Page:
8. Listen to your excuses. Why are you putting off certain tasks in favor of others? Chances are it’s because you like to feel good and your perceptions about certain tasks drive you away from them. You don’t even want to think about anything that could move you away from the pleasure you desire in the direction of perceived pain. But the one task that’s most important in the moment is the one you need to work on. It’s easy to get caught in the trap of working hard on things of lesser importance. But don’t trick yourself into avoiding the work that’s most important to your project. Pay attention and reset your course of action.
9. Play mind games to keep it interesting. Transform a boring task into a fun game. Challenge yourself to break your speed record or to find a more efficient way to perform this task. Develop your own techniques and shortcuts. By doing so, you’ll improve your productivity and have some fun too. The result is that you’ll complete the “boring” work and be on your way. You might even discover a breakthrough process that you can use over and over again.
10. Recognize your delay tactics for what they are and then take action. Have many times have you thought about doing something only to talk yourself out of it because it was too difficult, too inconvenient, or too unappealing? Listen to your internal voice — but be prepared to overrule if it’s preventing you from doing the important things. Rarely is a task as oppressive as it seems. Usually, “the stewing is worse than the doing”. Improve your outlook and continue moving forward.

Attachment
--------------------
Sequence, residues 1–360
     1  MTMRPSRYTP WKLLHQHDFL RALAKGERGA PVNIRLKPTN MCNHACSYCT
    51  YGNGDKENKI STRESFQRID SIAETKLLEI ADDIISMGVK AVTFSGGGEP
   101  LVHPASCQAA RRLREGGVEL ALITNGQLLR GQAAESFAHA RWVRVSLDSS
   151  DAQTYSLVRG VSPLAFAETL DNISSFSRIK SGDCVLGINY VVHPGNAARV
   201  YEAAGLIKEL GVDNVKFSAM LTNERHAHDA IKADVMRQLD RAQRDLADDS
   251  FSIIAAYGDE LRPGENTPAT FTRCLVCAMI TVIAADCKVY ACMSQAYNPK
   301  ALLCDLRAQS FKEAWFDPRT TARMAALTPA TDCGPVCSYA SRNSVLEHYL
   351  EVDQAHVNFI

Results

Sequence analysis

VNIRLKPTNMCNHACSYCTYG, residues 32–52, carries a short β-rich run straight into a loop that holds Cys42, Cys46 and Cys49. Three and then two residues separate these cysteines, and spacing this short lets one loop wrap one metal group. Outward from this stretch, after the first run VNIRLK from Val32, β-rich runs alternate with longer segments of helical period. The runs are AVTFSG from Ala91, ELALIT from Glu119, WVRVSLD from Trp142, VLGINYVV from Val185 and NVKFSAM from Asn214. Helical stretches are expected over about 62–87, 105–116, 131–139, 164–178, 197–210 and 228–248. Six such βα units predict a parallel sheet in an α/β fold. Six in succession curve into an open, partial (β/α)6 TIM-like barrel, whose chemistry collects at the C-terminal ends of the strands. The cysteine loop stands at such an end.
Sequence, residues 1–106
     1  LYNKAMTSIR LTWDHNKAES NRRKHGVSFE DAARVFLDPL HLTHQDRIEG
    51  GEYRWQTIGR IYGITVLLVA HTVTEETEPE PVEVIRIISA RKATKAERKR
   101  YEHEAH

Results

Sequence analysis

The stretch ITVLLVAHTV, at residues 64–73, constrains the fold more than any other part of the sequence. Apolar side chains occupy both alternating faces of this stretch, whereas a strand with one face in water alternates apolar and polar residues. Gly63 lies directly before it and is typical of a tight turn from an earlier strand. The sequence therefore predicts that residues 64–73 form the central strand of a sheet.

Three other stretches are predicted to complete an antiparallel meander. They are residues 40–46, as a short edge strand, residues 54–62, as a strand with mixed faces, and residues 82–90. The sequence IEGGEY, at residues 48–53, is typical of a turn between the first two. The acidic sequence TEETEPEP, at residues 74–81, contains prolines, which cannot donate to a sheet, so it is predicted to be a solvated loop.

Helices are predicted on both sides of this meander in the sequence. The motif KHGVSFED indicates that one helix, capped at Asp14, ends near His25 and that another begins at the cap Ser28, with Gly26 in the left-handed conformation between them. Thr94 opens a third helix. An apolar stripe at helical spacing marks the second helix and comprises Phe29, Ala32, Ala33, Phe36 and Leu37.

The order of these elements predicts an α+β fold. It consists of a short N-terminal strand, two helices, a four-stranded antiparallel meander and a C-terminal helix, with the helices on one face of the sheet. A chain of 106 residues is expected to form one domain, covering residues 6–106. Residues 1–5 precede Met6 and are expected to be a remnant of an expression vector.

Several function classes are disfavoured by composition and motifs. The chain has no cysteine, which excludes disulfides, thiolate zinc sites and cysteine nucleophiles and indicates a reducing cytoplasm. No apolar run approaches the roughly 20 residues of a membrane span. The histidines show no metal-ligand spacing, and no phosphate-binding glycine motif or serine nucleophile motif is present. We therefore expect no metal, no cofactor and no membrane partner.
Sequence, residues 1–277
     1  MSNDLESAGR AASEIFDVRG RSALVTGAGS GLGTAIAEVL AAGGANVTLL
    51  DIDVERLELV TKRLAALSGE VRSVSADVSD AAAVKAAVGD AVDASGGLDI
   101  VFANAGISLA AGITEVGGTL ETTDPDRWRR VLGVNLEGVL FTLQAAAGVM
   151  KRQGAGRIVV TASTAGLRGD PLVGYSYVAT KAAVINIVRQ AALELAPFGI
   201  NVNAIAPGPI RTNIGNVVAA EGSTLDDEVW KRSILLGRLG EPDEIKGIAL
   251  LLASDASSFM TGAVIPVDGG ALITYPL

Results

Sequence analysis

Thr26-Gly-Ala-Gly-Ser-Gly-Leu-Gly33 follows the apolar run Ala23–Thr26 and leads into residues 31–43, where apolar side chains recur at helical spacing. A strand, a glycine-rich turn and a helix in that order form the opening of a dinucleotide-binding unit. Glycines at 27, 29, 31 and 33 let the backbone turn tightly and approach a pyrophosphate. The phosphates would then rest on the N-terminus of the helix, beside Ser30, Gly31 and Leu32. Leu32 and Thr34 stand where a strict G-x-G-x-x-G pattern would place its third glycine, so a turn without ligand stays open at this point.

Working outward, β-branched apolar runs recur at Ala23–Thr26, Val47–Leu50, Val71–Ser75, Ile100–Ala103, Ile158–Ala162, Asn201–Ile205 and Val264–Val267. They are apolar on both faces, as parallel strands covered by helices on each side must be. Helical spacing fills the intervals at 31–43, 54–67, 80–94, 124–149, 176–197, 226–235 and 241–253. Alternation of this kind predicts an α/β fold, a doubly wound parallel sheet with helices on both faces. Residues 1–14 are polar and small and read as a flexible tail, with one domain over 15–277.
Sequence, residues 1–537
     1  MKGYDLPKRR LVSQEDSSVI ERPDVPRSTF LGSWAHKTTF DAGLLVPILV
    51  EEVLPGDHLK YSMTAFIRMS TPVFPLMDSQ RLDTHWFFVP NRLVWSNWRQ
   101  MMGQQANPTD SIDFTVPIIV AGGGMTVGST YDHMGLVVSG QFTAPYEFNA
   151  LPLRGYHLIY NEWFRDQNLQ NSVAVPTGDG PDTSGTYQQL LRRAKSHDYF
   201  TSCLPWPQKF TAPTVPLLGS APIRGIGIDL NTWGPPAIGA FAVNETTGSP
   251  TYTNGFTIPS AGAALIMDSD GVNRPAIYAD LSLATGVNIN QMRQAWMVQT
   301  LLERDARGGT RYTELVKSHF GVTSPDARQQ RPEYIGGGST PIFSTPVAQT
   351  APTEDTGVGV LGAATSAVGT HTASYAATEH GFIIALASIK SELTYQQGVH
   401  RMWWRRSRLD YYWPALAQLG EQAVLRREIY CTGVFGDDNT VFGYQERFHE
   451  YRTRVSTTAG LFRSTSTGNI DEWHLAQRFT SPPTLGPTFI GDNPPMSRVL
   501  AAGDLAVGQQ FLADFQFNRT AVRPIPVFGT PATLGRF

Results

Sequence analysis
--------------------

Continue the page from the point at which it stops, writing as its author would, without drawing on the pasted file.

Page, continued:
11. Change your attitude toward any seemingly difficult or unpleasant task and it gets easier. Catch yourself moaning about the job you have to do. Stop yourself in your tracks and make a radical shift in your mindset. It’s easy to spend more time whining about having to do this or that. But why not just get the job done? You’re going to have to do it anyway, so it’s really a non-issue.
12. Discover the reason why you’re putting off an important writing task. Here are some of the primary reasons writers procrastinate: A) Other items on their list appear to be more important. B) The specific task seems so unpleasant that doing almost anything else would be preferable. C) The writer lacks confidence in his/her own ability to accomplish the task to an acceptable standard. Figuring out what’s holding you back is the first step to overcoming the barrier.
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